Next two weeks are crucial, says Saolta chief

'We need to be able to resume a normal way of life where Covid-19 won’t grow again'

Tony Canavan, the chief executive of the Saolta University Health Care Group, which provides acute and specialist services in seven public hospitals on five sites - Galway (UHG, Merlin Park, and Portiuncula in Ballinasloe), Mayo, Roscommon, Sligo, and Donegal, and employs 10,345 people.

Tony Canavan, the chief executive of the Saolta University Health Care Group, which provides acute and specialist services in seven public hospitals on five sites - Galway (UHG, Merlin Park, and Portiuncula in Ballinasloe), Mayo, Roscommon, Sligo, and Donegal, and employs 10,345 people.

The next two weeks are crucial in terms of weakening the grip of Covid-19 and building on the significant progress made in suppressing the virus, the chief executive of the Saolta University Health Care Group said this week.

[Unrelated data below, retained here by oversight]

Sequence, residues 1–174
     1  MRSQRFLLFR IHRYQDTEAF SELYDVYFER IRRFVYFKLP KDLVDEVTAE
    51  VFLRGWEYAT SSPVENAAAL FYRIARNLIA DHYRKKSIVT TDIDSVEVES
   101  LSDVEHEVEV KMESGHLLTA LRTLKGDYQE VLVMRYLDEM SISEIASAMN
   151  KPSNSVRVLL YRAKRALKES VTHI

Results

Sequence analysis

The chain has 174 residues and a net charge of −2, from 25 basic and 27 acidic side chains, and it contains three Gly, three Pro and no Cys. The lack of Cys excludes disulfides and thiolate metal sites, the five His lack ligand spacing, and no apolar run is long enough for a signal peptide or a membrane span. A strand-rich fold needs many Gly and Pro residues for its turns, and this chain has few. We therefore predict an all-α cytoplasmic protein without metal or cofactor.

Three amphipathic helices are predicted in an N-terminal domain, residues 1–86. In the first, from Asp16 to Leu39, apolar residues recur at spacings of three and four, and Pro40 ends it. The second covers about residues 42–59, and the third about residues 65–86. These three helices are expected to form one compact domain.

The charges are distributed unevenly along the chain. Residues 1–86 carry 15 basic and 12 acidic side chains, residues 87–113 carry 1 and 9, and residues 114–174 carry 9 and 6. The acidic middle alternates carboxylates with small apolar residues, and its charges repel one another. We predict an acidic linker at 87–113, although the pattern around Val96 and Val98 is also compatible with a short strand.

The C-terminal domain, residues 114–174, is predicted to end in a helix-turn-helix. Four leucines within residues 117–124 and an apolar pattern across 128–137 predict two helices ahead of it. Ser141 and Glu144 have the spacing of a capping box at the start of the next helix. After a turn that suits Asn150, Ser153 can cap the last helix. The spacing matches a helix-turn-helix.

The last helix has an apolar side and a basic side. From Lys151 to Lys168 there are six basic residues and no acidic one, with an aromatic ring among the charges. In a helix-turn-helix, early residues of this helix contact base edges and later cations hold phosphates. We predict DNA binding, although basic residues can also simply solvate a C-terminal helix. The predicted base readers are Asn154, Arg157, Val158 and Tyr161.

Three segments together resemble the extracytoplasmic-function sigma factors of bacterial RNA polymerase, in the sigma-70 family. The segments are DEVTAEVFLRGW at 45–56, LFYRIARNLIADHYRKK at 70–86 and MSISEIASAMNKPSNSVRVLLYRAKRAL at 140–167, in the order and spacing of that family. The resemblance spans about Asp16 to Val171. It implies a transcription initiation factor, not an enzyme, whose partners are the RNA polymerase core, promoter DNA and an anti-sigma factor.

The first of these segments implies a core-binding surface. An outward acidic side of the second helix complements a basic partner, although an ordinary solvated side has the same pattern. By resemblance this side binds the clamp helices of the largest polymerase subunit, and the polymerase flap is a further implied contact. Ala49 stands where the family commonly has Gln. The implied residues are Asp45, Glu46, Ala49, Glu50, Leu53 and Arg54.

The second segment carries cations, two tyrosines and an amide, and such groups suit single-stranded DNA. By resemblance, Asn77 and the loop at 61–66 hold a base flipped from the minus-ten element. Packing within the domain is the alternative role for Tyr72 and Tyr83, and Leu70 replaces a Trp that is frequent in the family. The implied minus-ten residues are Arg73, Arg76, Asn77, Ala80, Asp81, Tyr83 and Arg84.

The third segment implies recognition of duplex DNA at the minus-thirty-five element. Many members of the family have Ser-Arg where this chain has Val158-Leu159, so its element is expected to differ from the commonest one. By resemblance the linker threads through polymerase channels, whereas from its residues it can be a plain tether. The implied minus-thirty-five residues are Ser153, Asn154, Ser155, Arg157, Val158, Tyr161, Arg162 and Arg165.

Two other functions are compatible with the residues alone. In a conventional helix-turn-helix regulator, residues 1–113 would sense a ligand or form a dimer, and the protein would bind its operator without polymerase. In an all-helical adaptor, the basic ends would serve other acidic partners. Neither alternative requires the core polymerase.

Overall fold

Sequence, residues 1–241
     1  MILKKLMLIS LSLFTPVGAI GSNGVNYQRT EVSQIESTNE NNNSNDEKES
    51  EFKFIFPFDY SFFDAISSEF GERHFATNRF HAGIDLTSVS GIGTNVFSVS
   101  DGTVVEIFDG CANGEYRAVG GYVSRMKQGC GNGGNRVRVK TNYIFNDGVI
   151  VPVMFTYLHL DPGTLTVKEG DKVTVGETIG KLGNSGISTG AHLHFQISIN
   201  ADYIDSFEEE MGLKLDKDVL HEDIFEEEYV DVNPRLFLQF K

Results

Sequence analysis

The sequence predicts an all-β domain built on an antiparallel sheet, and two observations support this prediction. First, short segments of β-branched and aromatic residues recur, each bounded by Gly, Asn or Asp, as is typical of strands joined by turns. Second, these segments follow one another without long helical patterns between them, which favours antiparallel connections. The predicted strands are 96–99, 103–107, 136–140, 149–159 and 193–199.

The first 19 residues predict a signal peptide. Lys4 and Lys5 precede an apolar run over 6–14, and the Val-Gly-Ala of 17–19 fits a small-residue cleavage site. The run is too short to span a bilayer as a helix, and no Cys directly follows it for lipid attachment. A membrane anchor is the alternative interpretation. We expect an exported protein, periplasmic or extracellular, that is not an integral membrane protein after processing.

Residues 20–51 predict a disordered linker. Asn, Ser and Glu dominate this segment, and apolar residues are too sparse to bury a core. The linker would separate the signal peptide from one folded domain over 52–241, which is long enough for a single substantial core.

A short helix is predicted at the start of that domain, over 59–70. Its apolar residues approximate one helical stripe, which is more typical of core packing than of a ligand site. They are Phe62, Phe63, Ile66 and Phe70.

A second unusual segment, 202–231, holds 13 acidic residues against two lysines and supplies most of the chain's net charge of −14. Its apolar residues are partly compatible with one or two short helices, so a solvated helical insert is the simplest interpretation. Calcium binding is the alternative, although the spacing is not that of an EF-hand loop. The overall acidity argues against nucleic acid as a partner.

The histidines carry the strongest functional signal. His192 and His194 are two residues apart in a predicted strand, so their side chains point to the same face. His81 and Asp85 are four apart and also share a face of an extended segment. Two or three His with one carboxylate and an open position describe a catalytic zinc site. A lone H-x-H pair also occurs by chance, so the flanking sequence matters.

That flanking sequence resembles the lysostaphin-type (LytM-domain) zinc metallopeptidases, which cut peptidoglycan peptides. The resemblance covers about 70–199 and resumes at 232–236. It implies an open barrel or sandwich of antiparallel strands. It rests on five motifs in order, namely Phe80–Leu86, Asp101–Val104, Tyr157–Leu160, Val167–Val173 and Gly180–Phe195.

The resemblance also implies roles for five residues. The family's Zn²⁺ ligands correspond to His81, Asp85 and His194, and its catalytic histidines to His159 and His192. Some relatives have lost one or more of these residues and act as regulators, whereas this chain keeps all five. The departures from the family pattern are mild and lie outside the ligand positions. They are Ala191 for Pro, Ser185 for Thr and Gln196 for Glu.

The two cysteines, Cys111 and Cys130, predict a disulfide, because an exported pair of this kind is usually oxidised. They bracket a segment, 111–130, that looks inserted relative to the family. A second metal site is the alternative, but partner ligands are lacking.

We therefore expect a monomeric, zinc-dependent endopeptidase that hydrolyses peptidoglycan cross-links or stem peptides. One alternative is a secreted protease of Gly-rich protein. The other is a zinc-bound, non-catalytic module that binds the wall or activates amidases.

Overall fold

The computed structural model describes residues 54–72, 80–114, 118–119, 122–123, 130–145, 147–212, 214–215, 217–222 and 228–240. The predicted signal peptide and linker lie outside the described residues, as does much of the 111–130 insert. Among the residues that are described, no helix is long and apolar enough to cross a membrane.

Mr Tony Canavan appealed to the public to continue complying with the Government restrictions aimed at eradicating the virus and warned if people relaxed their approach the major success achieved so far could “become undone”.

He emphasised he was very keen to get this message across to people and praised them for behaving responsibly throughout this public health emergency.

Speaking to the Galway Advertiser, he said his greatest concern was that as the Covid-19 restrictions are gradually eased and the country opens up, the virus could spread.

Social Distancing Covid

His comments came in the wake of the Minister for Health Simon Harris saying that the situation surrounding Covid-19 is still very fragile. At the time of going to press it was reported that there were 369 confirmed cases of Covid-19 in Galway.

'We have made really, really good progress'